Women's Divorce Blog

  • Late Life Divorce
    The reasons behind the rising trend in grey divorce and some of the commons risks to be aware of.
  • Understanding Codependent Behavior
    Some relationships are unhealthy, especially when you sacrifice your needs and wants in an effort to fulfill the needs of your spouse.
  • Best Way to Sell an Engagement Ring after Divorce
    After a bad marriage and a bad divorce, many women are ready to get rid of this symbol of eternal love. These tips can help turn your bridal bling into money.
  • Allow Yourself to Heal
    Denying the emotional pain of divorce by trying to avoid it or push it away can actually extend the time it takes to heal. Instead, allow yourself time to work through the grieving process.
  • 9 Ways to Make Visitation after Divorce Easier
    Newly divorced parents have a lot of adjustments to make, but ultimately they want to ease the pain for their children. Here are some tips to help take the sting out of visitation.

Life After Divorce?

The hurt and disruption caused by a divorce can make you question whether there can be life after divorce. How can I pick up the pieces and how good will the quality of life be after a divorce?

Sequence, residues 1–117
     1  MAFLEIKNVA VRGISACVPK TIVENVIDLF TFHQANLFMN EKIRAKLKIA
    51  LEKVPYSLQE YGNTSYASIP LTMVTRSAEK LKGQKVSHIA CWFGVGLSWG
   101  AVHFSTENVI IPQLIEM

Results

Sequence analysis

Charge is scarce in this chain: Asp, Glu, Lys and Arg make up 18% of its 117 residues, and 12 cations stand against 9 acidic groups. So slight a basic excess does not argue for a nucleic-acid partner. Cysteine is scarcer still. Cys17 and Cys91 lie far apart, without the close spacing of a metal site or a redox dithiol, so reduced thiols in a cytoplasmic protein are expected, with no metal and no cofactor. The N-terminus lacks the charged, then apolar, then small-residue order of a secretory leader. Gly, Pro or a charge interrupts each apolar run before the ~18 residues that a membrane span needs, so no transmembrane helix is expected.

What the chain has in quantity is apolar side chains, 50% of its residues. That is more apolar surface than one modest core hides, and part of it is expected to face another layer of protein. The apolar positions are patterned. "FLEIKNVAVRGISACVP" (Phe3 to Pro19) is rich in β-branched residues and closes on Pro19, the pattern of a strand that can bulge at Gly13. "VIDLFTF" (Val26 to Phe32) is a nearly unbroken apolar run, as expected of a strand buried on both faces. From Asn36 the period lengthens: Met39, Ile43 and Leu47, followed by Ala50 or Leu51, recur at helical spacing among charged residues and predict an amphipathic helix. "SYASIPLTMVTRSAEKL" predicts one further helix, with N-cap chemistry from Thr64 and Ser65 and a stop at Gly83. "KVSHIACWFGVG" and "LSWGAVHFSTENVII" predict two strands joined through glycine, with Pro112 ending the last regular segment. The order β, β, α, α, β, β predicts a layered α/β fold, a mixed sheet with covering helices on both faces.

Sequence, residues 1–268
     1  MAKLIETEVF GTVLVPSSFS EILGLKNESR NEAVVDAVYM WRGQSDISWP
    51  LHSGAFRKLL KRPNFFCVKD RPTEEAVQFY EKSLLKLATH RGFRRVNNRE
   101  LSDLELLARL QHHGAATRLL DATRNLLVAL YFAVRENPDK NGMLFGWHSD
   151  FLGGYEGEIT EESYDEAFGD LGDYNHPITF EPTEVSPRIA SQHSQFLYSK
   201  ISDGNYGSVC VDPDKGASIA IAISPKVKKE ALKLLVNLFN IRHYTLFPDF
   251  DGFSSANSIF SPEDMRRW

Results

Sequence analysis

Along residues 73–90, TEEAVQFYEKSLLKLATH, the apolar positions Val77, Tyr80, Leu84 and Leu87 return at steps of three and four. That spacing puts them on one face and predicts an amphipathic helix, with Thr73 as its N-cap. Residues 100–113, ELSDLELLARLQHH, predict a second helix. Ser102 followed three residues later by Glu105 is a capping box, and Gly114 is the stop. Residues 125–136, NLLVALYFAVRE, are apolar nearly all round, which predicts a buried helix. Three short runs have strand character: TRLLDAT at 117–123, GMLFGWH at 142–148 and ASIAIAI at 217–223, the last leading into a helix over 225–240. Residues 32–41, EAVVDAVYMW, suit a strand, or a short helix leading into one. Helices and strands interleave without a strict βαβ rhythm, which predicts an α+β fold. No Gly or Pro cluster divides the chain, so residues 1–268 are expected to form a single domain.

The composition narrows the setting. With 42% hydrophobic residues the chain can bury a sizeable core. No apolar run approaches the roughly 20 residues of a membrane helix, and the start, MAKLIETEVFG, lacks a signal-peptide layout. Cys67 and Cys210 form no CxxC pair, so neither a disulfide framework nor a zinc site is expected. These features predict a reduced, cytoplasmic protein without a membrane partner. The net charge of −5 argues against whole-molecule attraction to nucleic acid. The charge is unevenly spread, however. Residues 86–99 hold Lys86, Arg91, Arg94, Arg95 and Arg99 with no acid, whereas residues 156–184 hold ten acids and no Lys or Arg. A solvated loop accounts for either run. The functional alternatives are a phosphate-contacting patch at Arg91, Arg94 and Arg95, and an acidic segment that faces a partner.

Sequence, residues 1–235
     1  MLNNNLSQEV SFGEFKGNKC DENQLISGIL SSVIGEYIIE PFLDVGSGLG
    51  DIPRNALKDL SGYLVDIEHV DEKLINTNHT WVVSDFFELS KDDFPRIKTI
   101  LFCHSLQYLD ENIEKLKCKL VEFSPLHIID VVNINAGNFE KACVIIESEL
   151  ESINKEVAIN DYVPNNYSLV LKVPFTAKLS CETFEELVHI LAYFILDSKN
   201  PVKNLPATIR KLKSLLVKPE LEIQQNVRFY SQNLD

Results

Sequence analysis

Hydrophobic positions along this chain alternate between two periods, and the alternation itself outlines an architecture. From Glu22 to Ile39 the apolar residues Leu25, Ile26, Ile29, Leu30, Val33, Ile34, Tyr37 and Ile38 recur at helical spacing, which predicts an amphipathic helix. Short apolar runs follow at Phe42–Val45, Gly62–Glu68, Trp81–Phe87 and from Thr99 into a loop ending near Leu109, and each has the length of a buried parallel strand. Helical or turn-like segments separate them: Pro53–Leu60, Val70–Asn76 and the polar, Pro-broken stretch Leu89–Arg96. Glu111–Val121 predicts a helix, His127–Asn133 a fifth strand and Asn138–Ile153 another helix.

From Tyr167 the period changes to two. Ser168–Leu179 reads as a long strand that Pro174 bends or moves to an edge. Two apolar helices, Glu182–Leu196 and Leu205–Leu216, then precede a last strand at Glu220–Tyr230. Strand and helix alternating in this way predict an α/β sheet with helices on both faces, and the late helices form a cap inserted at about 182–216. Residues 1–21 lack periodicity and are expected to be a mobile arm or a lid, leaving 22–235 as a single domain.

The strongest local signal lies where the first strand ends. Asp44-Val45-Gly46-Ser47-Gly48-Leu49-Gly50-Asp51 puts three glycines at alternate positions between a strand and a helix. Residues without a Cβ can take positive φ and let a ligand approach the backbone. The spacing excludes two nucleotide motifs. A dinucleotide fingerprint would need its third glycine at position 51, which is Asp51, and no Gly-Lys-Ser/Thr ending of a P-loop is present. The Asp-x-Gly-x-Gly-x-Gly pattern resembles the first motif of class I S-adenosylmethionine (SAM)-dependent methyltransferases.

Experiencing life after divorce

Covenant Marriage

Is divorce too easy to obtain? So say the proponents of covenant marriage.  Covenant marriage is an optional more restrictive form of marriage. It may require premarital counseling and usually limits the reasons for divorce to abuse, felony, adultery, abandonment, or long periods of separation. This option is only legal in three states in the U.S. namely Arizona, Arkansas, and Louisiana despite being proposed in many other states.

It seems to me this is a way to counter no fault divorce and returns couples to the position of proving abuse or adultery. This can be difficult to prove, cause more hostility and be very intrusive. If a couple feel they need a greater commitment, then I think this is better accomplished throughout the marriage such a renewal of vows, lay or religious marriage counseling or marital retreats.

It seems that this option hasn’t interested many couples with only about 1-2% of couples getting married signing up for a covenant marriage.  It is also possible to bypass this restriction by filing for a divorce in another state that does not have covenant marriage.

What do you think? Should couples be able to restrict the conditions under which they can file for divorce? Will this truly result in a more committed marriage?

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